family: Borage (Boraginaceae)
ho'hahéanó'ėstse, "coming [to life] ointment plants" (Grinnell 1923 II: 185; Tadič 2007: 106)
Narrowleaf stoneseed is perennial plant, 10 to 45 cm tall, with woody taproots. Leaves are alternate, simple, with entire margin, linear to lanceolate, hairy, rough on surface, 15 to 50 mm long, 5 to 10 mm wide. Yellow quinate flowers are in fascicles on the top of stems. Narrowleaf stoneseed blossoms from April to June. It grows on dry soils, on plains, from foothills to altutude about 2100 m. It ranges in the Great Lakes area, throughout the Great Plains up to the northern Mexico, southern California, and British Columbia.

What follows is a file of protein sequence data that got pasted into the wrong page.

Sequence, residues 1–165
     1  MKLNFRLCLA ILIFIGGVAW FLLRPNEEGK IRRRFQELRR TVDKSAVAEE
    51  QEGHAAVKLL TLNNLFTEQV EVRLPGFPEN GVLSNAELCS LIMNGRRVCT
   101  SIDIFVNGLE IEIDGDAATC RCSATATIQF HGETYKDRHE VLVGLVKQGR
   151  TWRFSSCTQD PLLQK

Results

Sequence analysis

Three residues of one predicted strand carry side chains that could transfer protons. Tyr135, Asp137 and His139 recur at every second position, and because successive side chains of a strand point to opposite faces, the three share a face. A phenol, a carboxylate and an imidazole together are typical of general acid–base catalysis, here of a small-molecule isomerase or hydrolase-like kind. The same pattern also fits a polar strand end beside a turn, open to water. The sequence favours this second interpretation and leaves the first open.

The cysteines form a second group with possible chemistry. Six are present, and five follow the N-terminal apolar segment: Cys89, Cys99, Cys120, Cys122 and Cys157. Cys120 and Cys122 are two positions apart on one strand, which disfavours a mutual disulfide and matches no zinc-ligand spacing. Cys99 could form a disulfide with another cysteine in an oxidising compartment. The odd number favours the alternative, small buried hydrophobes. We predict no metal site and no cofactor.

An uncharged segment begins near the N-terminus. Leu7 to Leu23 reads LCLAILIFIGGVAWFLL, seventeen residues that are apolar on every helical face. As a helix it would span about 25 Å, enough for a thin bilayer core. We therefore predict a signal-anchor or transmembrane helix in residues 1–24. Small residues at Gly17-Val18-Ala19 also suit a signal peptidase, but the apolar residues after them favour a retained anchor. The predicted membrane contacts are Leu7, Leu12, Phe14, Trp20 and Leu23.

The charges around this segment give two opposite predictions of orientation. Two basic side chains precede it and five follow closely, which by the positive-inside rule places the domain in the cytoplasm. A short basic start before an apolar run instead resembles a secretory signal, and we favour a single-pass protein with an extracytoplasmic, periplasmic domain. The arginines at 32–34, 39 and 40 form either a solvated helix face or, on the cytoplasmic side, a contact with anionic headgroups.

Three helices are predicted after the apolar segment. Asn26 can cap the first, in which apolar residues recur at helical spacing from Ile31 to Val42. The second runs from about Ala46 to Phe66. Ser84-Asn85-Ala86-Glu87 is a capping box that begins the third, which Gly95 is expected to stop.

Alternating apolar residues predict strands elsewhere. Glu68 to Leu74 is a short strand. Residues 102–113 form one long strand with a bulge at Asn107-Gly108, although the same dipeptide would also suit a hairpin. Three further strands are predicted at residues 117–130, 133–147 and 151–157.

Cheyennes used narrowleaf stoneseed, if someone "was irrational from any illness." They prepared a tea of roots, leaves, and stems, which they rubbed on the head and face of patient. For paralysis, the roots, leaves, and stems were ground fine, and a bit of the powder was rubbed on the affected body part. It caused a prickling or tinny stinging feel on the skin. Some mentions appeared that the plant was sometimes used green. A healer wrapped the leaves in a cotton cloth, crushed them with his teeth, and rubbed on the affected body part. It is felt the mentioned prickling or stinging. Also, Cheyennes used this plant, if someone was very sleepy and they wanted to keep him awake. A doctor chewed it fine and spit and blew it in the person’s face. Beside it, the doctor rubbed the chewed plant on the person’s chest, where the heart was situated. Grinnell writes that the prickling or stinging feel is the most probably mechanical. The very fine hairs of the plant cause it. It could explain counter-irritant effect (Grinnell 1923 II: 185).